Local banks’ failure to apply interest rate cuts to credit cards has cost Australians more than $2 billion, according to new research from Australian consumer watchdog Choice.
The Reserve Bank of Australia (RBA) has made 10 interest rate cuts since November 2011. This has helped people paying off their mortgages, but credit card holders have been left out in the cold. Choice believes each local credit card user has been overcharged interest to the tune of $281.
The results are particularly troubling at a time when one in five Australians relies on their credit cards to fill the financial gap until payday. Erin Turner, Choice’s campaigns manager, said that interest rates aren’t competitive because big banks control more than 80 percent of the credit card market.
“They aren’t competing on price and are keeping consumer costs high even though their costs for providing credit have dropped,” she told news.com.au.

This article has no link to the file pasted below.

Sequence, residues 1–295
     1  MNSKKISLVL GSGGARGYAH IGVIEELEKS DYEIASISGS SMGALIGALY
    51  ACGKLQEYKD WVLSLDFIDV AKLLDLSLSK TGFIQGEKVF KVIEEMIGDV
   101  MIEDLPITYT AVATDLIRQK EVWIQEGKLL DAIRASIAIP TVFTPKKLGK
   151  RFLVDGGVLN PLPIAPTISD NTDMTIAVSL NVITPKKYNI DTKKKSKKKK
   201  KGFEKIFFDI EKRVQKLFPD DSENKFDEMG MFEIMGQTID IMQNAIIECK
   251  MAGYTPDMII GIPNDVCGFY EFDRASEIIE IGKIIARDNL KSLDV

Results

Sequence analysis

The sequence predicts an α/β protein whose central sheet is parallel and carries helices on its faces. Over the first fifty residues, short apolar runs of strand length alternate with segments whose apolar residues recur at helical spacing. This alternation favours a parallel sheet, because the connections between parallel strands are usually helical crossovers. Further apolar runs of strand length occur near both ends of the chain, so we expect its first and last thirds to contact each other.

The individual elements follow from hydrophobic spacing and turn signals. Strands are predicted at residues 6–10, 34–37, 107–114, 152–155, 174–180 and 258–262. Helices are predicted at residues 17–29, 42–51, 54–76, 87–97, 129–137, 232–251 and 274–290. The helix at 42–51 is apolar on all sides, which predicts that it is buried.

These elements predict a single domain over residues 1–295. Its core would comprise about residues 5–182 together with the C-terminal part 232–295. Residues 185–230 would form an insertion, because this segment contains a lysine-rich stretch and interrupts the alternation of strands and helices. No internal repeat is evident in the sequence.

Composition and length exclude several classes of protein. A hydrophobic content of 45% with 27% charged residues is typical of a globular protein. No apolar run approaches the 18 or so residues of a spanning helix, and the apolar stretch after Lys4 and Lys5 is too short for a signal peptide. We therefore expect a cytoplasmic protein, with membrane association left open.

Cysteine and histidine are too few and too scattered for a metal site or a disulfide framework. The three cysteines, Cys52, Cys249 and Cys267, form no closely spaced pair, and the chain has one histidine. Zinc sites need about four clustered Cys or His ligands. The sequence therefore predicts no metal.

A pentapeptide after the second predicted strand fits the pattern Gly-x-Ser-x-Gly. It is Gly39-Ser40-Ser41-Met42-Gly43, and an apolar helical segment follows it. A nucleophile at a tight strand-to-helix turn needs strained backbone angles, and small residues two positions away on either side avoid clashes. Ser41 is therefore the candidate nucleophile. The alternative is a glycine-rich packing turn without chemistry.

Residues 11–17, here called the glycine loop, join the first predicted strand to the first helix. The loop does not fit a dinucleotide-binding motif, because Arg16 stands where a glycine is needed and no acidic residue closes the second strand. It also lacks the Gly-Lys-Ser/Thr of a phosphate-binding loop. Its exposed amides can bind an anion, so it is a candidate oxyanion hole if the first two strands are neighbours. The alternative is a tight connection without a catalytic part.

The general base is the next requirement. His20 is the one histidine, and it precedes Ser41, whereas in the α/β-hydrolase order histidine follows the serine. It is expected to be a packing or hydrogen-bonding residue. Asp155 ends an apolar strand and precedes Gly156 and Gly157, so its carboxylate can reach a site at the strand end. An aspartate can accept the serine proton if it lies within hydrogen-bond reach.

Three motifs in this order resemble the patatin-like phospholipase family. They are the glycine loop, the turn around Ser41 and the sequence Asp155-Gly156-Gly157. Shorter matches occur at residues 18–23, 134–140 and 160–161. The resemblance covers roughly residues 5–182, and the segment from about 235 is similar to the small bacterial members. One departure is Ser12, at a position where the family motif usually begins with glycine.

In fact, the average credit card interest rate has actually risen since RBA interest rates began to fall in 2011, according to financial comparison website Mozo. In June 2011, the average credit card interest rate stood at 17.41 percent. By May this year, it had climbed to 17.61 percent. Mozo also found the annual credit card fee has jumped from $94 in 2011 to $115 this year.
Choice will submit its findings when the Senate launches an inquiry into credit card interest rates in the coming weeks. However, it’s likely to be some time before we see the interest rates lowered.
A better way to outsmart the banks is to simply pay down your credit card and avoid the inflated interest charges altogether. That can be challenging, but Chase Edwards can show you how. Contact us today to learn more about the debt minimisation strategies that can help clear your credit card balance.